Instead of reducing Ivona to a passive symbol, Beacraft stages Ivona as a multi-dimensional character who experiences moments of genuine joy, laughter, and even tenderness. In staging the royal family members as overtly raucous and sometimes silly, Ivona in turn gains more personal agency.
In one instance of the play, when the prince tries to force Ivona to speak, Ivona, instead of cowering in deference, playfully imitates the physicality and face of an insect, presenting an amusing spin on what would otherwise be a demoralizing moment. Laura Nelson, who plays Ivona, revealed to me that she initially thought that playing the largely silent Ivona would be the least taxing compared with other roles, however, she only discovered that her senses are often overloaded since she cannot utilize her voice, but also this requires her to be extra attentive to her physicality, subtle gestures and dynamic with other characters on stage.
Ivona’s strongest moment of personal agency comes at the end of the play. While the original script only states briefly that Ivona “(chokes)” without shedding additional light on the internal experience of Ivona before her death, in Beacraft’s version, the royal family gather around to observe Ivona caught in a slow-motion twist of agony (in picture). Her death is an emphasized yet punctuated moment. Her facial and physical expressions as she growls and squirms adds a dimension of her defiance to the royal family’s power scheme, unseen in the original script. Ivona’s agency culminates when uses all her strength to jump up and pull down the white curtains, revealing painted red X’s in red square frames posted on the wall. These very curtains are the ones that the royal family previously hid behind to scheme for her death. Ivona’s act of forcefully pulling these curtains serves as a larger metaphor for society that she is stripping away the concealment for the hypocrisy, manipulation and inequality within the existing social structure. The red X’s symbolize both the danger and secrecy of power, and, at the same time, the defiant negation of it. In this way, this final act visually prompts the audience to come to the realization of the true nature behind the masked glory and refinement of the class in power.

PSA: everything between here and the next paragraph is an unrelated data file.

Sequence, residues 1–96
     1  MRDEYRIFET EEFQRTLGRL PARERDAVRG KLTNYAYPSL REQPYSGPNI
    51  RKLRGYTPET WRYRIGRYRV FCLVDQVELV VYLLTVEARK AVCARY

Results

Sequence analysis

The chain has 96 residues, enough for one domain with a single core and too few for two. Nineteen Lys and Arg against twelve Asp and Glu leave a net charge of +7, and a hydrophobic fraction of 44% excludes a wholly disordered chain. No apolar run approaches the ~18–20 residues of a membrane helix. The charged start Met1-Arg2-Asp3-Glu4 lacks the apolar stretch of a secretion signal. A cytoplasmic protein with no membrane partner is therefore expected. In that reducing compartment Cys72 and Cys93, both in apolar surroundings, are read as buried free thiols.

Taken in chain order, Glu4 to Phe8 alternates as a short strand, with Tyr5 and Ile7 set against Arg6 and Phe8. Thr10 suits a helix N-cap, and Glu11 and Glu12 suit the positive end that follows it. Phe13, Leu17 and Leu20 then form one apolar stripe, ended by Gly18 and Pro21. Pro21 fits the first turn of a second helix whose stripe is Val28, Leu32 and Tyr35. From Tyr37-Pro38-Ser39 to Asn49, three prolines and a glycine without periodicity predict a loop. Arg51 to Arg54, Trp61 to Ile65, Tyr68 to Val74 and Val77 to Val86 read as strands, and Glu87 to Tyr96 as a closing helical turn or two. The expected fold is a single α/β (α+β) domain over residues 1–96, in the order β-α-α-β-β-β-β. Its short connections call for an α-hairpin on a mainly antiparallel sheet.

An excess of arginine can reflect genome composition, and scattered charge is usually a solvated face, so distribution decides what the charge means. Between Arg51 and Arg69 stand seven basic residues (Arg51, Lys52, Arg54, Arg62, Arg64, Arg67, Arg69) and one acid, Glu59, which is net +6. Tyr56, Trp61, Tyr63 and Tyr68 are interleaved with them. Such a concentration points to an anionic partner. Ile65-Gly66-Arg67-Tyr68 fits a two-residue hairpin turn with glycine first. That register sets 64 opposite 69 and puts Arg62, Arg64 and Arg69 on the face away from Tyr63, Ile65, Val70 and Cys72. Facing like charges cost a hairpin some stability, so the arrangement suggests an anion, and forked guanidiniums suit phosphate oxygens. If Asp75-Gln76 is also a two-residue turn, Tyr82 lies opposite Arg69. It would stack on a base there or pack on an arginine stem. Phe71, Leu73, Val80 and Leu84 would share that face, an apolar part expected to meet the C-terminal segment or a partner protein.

Overall, with a brilliant cast (who are naturally funny) and wonderfully colorful stage designs, Jenny Beacraft’s Princess Ivona offers an unexpectedly tender—thus almost redemptive—rendition that both invites meditation upon and serves to counteract the brutality and darkness intrinsic to the original script. Making the royal family members farcical, ridiculous—almost goofy—characters exposes the irrationality–rather than the simple cruelty–of power. This hopeful mood and aesthetic facade, rather than diluting the gravity of the issues at hand, instead surprisingly lend power and layers to Ivona’s character and, in turn, to the piercing yet simultaneously healing effect of the play’s social critique.
This post was written by the author in their personal capacity.The opinions expressed in this article are the author’s own and do not reflect the view of The Theatre Times, their staff or collaborators.
This post was written by Susanna Sun.
The views expressed here belong to the author and do not necessarily reflect our views and opinions.